Fixing Packet Loss in Online Multiplayer Games

PublishedNov 11, 2021BySubspace Team
Packet loss, latency, jitter—if your players are noticing poor quality experience, they are likely experiencing one or more of these. Latency is related to speed, but what is packet loss, and how is it affecting the quality of experience (QoE) for players? Even more importantly, what can you do about it?

What is Packet Loss?

Every action online is transmitted in packets. Think of it as dividing a letter into multiple envelopes and sending each one separately. Once the recipient receives all the pieces of the letter, they can reassemble it and—hopefully—read the entire letter.
To make all the data fit and quickly move from point A to B, the network reduces packet size and encrypts the packets before they start their journey. To continue with the mail analogy, this would be like dividing the letter into even smaller parts and writing each part in code.
Sadly, it’s a fact of life that sometimes, your letter gets lost by the post office. The same goes for packets traveling along the digital superhighway. As data travels from one place to another, some packets can get delayed, damaged, or even lost. That’s packet loss.
TCP and UDP are the network protocols we use to transfer data across the internet to create packets and their response to packet loss differs depending on which protocol is used.
The transmission control protocol (TCP) simulates a connection, and if a packet doesn’t arrive at its destination in perfect condition, the protocol will retransmit it. This makes TCP the more reliable option, as data delivery is guaranteed. However, it sacrifices speed to gain reliability.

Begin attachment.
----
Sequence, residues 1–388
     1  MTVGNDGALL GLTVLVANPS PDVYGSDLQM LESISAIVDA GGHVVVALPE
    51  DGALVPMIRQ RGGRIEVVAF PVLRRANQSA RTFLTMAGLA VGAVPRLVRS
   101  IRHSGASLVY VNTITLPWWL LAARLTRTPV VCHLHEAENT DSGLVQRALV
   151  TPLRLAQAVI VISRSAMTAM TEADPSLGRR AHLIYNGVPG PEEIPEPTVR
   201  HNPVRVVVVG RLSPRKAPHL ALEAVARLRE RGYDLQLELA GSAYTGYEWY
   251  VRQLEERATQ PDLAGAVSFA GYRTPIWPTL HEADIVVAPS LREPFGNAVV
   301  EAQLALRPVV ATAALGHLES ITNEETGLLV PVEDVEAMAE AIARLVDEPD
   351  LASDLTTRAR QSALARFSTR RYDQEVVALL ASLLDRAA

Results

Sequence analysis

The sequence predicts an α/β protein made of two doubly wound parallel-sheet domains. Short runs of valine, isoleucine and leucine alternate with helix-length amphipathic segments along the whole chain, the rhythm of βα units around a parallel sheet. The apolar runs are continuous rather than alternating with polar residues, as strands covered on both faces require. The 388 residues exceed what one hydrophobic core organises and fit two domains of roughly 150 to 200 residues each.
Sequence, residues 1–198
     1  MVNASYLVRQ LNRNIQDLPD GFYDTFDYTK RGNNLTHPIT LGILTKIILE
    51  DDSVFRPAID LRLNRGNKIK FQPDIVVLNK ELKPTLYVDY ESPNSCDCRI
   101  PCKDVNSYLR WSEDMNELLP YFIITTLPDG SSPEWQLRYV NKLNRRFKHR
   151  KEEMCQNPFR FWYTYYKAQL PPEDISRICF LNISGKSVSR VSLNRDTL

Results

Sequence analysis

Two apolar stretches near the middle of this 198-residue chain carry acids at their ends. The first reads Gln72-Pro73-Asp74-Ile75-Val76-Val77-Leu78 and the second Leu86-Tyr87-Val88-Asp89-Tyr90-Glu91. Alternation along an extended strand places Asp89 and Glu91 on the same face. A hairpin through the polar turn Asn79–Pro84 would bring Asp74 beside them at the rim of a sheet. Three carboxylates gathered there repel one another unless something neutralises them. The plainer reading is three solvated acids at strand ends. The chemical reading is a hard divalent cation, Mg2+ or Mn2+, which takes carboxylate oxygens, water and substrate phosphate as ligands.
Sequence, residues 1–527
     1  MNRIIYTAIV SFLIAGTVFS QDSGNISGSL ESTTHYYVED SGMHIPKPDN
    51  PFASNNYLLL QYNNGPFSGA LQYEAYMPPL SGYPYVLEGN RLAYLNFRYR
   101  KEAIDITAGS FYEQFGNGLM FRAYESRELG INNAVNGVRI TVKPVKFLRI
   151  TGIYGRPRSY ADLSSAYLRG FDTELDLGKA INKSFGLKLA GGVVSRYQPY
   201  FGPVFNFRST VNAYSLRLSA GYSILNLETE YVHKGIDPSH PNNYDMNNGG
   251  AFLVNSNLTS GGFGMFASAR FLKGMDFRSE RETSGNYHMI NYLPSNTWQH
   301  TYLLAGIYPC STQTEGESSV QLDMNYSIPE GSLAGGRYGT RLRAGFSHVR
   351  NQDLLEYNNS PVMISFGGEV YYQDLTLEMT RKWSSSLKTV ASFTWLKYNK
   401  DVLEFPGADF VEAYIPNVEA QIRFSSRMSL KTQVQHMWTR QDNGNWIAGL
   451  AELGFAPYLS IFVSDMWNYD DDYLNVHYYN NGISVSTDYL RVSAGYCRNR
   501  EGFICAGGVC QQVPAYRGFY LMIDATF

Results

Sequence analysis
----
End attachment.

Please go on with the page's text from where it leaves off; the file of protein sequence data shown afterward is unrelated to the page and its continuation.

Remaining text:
User datagram protocol (UDP), on the other hand, is much faster since there is no error recovery built into the protocol. This makes it better for online gaming, but it’s less reliable as it cannot retransmit packets.

What Causes Packet Loss?

Several factors can cause packet loss, from overburdened networks to malicious activity. Here are some of the most common causes of packet loss.
Network Congestion
If it’s a high usage time, there are too many devices on a network, or bandwidth isn’t sufficient, networks often slow down data transfer to catch up. In situations like these—just like peak mailing times at the post office—the likelihood of losing your packages and letters increases.
Hardware Issues
Packet loss can also result from faulty hardware, including modems, routers, or cables. Imagine a malfunctioning sorting machine shredding one of your letters along the way.
Software Issues
Similarly, out-of-date or malfunctioning software can also create packet loss. We’ve all heard the stories of people’s letters going AWOL because a machine misreads the zip code. Well, the same thing can happen to data packets.
Network Attacks
Malicious actors can also play a role in packet loss. Just like you receive so much junk mail that you don’t notice an important letter in the pile, distributed denial of service (DDoS) attacks and other malicious activity can interfere with network speed and create packet loss.
Data Transmission Errors
Sadly, sometimes “stuff” just happens, like a letter carrier might drop your letter on the ground. You can’t predict it, but it can happen. This is also the case with data packets. They come across many internet exchange points (IXPs) as they travel through the system, each providing a potential opportunity for damage or loss.

Is Packet Loss Normal?

Some packet loss is expected but shouldn’t exceed 1%. This is considered acceptable since losing 1% of all packets involved in a session wouldn’t cause noticeable issues with a game.